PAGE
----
History The idea to establish an international organisation to amplify the collective power of hunting as a time‑honoured champion for wildlife conservation originated at the occasion of the international hunting exhibition in Vienna, Austria in 1910. At the end of World War I, the League of Nations was established in 1920 as the first intergovernmental organisation to resolve international disputes. This gave rise to the founding of many organisations promoting badly-needed international coordination, including a growing awareness of the importance of nature conservation. For two years, Count Louis Károlyi and the French lawyer Maxime Ducrocq worked relentlessly to build the foundations for an organisation of experts and dignitaries to maintain and develop hunting as a tool for the conservation of wildlife and nature. In 1928, they organised an international conference in Nové Zámky, (formerly Hungary and today Slovakia). The historic outcome of this conference was the “Declaration of Nové Zámky”, which paved the way for the formal establishment of the international hunting council (Conseil International de la Chasse) in Paris in 1930. The Declaration established a commission to compile the Statutes of the CIC. Károlyi’s Manor in the Slovakian Palárikovo (= Tótmegyer in Hungarian), where the two founders held many of their seminal discussions, is today the home of the CIC Museum. On 7 November, 1930, the Constituting Assembly of the CIC hosted by the Government of France in Paris brought together one hundred and twenty-one esteemed dignitaries and experts from twenty-three nations, whose delegates were received by the President of France, Gaston Doumergue, at the Elysée Palace. The event included leading personalities such as H.R.H. Prince Nicolas of Romania, H.E. Count Ladislaus Esterházy of Hungary, H.E. Count Pálffy of Erdöd of Czechoslovakia, H.E. Count Colloredo-Mansfeld of Austria, as well as Kermit Roosevelt and Harold Jefferson Coolidge Jr. from the USA. Of particular note amongst this list


was Coolridge, who was an enterprising zoologist from Harvard University who went on to co‑found and preside over the World Conservation Union (International Union for Conservation of Nature – IUCN). Among the founding nations of the CIC are Argentina, Austria, Belgium, Czechoslovakia, Denmark, Finland, France, Germany, Greece, Hungary, Italy, Lithuania, Luxembourg, Mexico, Netherlands, Norway, Poland, Portugal, Romania, Spain, United Kingdom, and the USA. The Council set out to pursue four major objectives: · Protection of migratory birds, which later led to the establishment of the Ramsar Convention on Wetlands of International Importance and Agreement on the Conservation of African-Eurasian Migratory Waterbirds (AEWA) · Comparative study on the regulation of hunting in the various countries · Procedures to transit hunting weapons at customs · Information service on game species and their breeding Co-founder Maxime Ducrocq was elected as the first President of the CIC. From the onset, the science of wildlife biology and conservation was central to the organisation’s activities. The transnational and transcontinental protection of migratory birds continues to be a foremost priority for the CIC, and the organisation has played a pivotal role in the establishment of vital international environmental organisations and conventions.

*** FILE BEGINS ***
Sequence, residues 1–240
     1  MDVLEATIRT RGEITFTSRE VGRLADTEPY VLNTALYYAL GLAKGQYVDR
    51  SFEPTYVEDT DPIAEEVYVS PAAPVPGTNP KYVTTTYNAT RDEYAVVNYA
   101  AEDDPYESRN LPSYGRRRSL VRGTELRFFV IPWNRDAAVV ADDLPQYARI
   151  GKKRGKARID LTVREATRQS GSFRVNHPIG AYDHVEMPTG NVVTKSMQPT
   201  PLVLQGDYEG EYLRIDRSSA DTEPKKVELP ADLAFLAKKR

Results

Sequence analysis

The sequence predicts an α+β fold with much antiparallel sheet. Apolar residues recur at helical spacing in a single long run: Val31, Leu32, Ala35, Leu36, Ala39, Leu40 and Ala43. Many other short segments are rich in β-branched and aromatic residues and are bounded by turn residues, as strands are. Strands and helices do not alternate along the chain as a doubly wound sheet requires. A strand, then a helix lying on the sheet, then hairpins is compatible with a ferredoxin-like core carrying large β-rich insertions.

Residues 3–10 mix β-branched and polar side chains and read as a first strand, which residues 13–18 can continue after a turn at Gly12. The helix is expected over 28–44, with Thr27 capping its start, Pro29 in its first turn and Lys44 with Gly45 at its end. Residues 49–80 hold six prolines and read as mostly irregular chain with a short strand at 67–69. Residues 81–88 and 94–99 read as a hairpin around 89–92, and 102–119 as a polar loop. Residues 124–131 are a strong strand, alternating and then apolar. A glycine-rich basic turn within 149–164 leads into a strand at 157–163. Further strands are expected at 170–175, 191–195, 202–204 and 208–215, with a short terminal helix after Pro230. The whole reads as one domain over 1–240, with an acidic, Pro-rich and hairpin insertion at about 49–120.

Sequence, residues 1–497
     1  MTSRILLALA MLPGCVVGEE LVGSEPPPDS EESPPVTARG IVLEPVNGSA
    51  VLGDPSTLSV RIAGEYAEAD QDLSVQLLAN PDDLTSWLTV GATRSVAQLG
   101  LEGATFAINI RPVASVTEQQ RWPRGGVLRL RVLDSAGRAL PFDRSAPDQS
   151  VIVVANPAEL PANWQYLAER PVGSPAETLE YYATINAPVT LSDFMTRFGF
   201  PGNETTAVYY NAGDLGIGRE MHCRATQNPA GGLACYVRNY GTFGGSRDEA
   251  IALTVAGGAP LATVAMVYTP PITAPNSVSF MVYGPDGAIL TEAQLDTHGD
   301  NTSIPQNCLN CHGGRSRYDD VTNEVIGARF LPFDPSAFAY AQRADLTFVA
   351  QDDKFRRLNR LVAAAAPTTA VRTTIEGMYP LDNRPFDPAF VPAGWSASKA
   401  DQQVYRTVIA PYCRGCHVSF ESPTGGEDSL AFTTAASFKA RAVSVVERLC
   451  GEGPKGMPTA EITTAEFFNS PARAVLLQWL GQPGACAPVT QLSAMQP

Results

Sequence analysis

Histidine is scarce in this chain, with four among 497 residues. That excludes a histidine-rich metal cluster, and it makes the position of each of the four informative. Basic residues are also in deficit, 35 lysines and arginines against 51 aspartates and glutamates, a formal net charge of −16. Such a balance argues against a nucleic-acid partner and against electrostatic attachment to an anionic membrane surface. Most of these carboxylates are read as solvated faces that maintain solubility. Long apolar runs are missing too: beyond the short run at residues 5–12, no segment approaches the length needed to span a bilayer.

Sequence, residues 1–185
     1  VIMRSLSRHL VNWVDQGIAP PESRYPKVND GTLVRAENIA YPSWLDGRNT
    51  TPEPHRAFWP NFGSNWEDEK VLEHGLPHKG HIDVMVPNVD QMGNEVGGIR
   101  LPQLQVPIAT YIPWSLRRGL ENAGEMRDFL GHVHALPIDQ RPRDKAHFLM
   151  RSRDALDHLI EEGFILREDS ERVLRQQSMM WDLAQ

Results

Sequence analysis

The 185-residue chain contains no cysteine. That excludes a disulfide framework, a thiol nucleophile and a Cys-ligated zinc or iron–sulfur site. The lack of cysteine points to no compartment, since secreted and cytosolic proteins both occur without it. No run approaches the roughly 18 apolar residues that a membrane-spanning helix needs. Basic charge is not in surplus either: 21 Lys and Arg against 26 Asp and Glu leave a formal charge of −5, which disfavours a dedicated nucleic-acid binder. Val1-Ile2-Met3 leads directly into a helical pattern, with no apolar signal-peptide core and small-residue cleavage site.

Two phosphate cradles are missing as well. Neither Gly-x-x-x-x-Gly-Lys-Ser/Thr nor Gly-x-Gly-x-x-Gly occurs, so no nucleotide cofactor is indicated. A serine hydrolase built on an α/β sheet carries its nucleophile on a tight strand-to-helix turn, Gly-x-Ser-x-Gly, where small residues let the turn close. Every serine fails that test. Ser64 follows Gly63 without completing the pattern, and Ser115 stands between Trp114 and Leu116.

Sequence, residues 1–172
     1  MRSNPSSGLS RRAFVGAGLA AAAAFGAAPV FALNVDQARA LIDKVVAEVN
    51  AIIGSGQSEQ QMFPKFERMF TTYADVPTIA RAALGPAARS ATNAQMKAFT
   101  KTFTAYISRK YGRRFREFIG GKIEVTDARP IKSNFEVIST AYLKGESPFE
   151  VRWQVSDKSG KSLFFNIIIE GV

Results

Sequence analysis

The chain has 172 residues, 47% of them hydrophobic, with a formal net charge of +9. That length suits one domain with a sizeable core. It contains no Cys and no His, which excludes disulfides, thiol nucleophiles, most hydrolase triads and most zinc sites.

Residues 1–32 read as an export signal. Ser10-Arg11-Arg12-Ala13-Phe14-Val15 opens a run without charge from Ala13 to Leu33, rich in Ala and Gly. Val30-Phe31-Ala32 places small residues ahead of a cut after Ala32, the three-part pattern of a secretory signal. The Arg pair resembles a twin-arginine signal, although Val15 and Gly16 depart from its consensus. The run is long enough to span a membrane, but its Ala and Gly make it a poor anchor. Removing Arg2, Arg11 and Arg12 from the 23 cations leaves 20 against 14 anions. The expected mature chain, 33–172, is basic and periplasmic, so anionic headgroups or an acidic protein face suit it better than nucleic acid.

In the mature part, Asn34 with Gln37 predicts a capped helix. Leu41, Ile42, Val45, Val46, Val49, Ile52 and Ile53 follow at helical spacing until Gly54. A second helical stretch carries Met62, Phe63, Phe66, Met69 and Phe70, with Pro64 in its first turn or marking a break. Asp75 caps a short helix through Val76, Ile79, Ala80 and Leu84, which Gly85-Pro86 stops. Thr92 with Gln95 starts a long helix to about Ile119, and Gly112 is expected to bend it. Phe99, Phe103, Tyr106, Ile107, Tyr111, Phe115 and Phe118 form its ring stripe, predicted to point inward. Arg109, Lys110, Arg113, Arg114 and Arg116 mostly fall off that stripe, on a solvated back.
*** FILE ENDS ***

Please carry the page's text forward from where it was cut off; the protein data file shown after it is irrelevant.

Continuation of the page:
(Palárikovo = Tótmegyer)



Maxime Ducrocq (France) 1930–49

Claude Hettier de Boislambert (France) 1950–59

H. R. H. Berthold Markgraf von Baden (Germany) 1959–62

Georg Graf Thurn-Valsassina (Austria) 1962–65

Comte Enrico Marone Cinzano (Italy) 1965–68

Dr. Johann Gerhard van Maasdijk (Netherlands) 1969–72

H. I. H. Prince Abdorreza Pahlavi (Iran) 1975–81

Pál Vallus (Hungary) 1972–75


Alfonso de Urquijo y Landecho (Spain) 1981–84

Marko Bulč (Slovenia) 1984–87

Dr. Luigi Musy (Switzerland) 1987–90

Dr. Heinrich III. Prinz Reuss (Austria) 1990–93

Dr. Nicolás Franco de Pobil (Spain) 1993–99

Bergassessor a. D. Dieter Schramm (Germany) 1999–2010

Bernard Lozé (France) 2010–2016

George Aman (Switzerland) 2016–2021

Dr. Philipp Harmer (Austria) 2021–present


General Administrators

Marcel Villenave 1930–1939

Claude Hettier de Boislamber 1950–1959

Claude Chavane 1965–1971

François Edmond-Blanc 1971–1981

Jean Servat 1981–1999


Secretary General

Werner Trense 1972–1999


Gábor Rácz-Fodor 1999–2001

Kai-Uwe Wollscheid 2002–2010

Sebastian Winkler 2022–present


Tamás Marghescu 2011–2022

General Assemblies The General Assembly is the highest decision-making body of the CIC. As of 2022, a total of 68 CIC General Assemblies will have been held since the establishment of the organisation. In addition to the approval of members and the passing of resolutions and recommendations, the General Assemblies are a moment for celebration and networking, as well as a forum for discussion on the latest issues surrounding wildlife conservation through sustainable use. It is tradition for pins to be produced for each General Assembly, with a selection of those produced to-date presented below.

Prague 1937

Copenhagen 1955

Dublin 1967

Mamaia 1968

Budapest 1970

Texel 1972


Warsaw 1973

Tehran 1974

Chambord 1975

Brussels 1976

Marseille 1977

Sofia 1978

Athens 1979

Rome 1980

Munich 1981

Monte-Carlo 1982

Dubrovnik 1983

Innsbruck 1984


Dakar 1985

Versailles 1986

Budapest 1987

Florence 1988

Stockholm 1989

Luzern 1990

Marrakech 1992

Krakow 1993

Monaco 1995

Vienna 1996

Buenos Aires 1997

Prague 1998


Milan 1999

Berlin 2000

Slovenia 2001

Istanbul 2002